Protecting Rights in the Pandemic Seminar Series

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Event Details

Date:
1 July 2020 at 5:30 pm – 22 July 2020 at 6:30 pm
Venue:
Online via Zoom
Cost:
Free

Description

1 July 2020 | 5.30pm - 6.30pm
Session 1: Bail, Sentencing and Prisoners under COVID-19

8 July 2020 | 5.30pm - 6.30pm
Session 2: Temporary Migrants as a Vulnerable Group under COVID-19

15 July 2020 | 5.30pm - 6.30pm
Session 3: Protest and Policing under COVID-19

22 July 2020 | 5.30pm - 6.30pm
Session 4: Legislation, Governance and Accountability under COVID-19

For the protection of the life and health of the community from COVID-19, governments have introduced unprecedented controls over many aspects of the everyday lives of virtually all people. Never before in peacetime have so many measures interfered with human rights in such fundamental ways. At a time when serious questions are being raised about their impact upon the most vulnerable, this seminar series will critically examine the application of and justification for the measures from a human rights and criminal law perspective.

Considering the position of charged offenders and prisoners, temporary migrants and people exercising the right to protest, the speakers will ask important questions about the scope and nature of the control measures and how they can be reconciling with the rule of law. The adequacy of existing legislative mechanisms for ensuring human rights protection and also governmental accountability will be questioned.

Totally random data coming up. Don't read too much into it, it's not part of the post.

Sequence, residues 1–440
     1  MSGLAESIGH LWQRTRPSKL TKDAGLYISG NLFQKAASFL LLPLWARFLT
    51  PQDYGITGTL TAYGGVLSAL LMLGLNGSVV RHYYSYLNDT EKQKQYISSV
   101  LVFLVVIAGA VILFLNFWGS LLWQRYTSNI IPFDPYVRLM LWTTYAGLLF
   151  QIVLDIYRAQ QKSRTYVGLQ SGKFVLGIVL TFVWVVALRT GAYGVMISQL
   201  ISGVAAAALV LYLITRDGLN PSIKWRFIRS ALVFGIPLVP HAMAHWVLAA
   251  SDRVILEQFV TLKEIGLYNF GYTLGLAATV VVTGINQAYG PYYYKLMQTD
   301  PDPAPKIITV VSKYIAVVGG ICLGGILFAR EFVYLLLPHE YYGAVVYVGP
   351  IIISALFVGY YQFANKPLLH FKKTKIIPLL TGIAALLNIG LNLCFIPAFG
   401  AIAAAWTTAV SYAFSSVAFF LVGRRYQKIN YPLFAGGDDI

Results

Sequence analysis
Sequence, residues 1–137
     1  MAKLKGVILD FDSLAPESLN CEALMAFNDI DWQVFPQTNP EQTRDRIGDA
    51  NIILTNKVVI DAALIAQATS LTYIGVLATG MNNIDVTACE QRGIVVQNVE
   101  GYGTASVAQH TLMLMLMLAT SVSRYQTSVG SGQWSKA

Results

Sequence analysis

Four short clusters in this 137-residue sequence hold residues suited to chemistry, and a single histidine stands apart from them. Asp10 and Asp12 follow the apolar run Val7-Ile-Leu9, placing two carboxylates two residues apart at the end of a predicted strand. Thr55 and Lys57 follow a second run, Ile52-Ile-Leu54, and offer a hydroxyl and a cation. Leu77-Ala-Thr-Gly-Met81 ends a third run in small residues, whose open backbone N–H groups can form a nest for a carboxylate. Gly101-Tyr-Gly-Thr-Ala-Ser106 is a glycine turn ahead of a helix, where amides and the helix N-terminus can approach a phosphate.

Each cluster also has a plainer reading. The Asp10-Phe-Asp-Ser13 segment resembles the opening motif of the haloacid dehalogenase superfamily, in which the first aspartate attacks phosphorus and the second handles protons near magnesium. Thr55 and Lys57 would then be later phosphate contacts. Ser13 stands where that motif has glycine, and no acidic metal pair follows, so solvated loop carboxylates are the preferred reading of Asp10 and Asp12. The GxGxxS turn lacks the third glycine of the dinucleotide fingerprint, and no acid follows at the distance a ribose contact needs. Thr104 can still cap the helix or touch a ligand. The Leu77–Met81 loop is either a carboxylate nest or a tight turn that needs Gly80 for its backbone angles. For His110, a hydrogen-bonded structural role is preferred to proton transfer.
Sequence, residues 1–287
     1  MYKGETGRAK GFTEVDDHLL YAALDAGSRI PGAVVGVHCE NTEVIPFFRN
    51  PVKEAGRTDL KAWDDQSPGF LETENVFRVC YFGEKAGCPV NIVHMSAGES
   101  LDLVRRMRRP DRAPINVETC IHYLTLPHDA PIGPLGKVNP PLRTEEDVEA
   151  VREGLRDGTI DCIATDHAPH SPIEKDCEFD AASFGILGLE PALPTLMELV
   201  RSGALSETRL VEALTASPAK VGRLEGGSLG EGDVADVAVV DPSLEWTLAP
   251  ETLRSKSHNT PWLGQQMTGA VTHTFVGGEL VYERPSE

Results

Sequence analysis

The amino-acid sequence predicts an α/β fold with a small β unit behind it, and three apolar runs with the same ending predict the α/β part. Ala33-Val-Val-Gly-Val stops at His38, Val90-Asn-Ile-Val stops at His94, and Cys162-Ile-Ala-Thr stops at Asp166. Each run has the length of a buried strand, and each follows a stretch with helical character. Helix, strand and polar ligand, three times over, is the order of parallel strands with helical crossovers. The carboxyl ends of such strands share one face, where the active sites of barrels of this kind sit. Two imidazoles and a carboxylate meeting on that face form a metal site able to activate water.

Session 1: Bail, Sentencing and Prisoners under COVID-19

Wednesday 1 July 2020 | 5.30pm - 6.30pm

In March 2020, the World Health Organisation declared the 2019 novel coronavirus (COVID-19) a pandemic because of the severity of the disease, and how rapidly it has spread across the world. This declaration had significant repercussions internationally and domestically. Governments around the world proceeded to implement a number of restrictions in an attempt to ‘flatten the curve’; a concept aimed at limiting the spread of the virus.

The imposition of these restrictions has had a substantial effect on the criminal justice system in general, and for prisoners and prisons management in particular. In this seminar, Dr Natalia Antolak-Saper will consider the issue of COVID-19 in the context of decisions relating to remand – bail and sentencing; where the issue of the virus has been most pronounced. This will be followed by a presentation by Professors Lorana Bartels and Thalia Anthony who will discuss the challenges and lessons for prisons management from COVID-19.

Speakers

  • Dr Natalia Antolak-Saper, Transnational Criminal Law Group, Monash Law
  • Professor Lorana Bartels, Criminology Program Leader, ANU Centre for Social Research and Methods
  • Professor Thalia Anthony, Faculty of Law, University of Technology Sydney

Moderator

  • Professor the Hon. Kevin Bell AM QC, Director of the Castan Centre for Human Rights Law, Monash Law

Learn more about the session and speakers.


Session 2: Temporary Migrants as a Vulnerable Group under COVID-19

Wednesday 8 July 2020 | 5.30pm - 6.30pm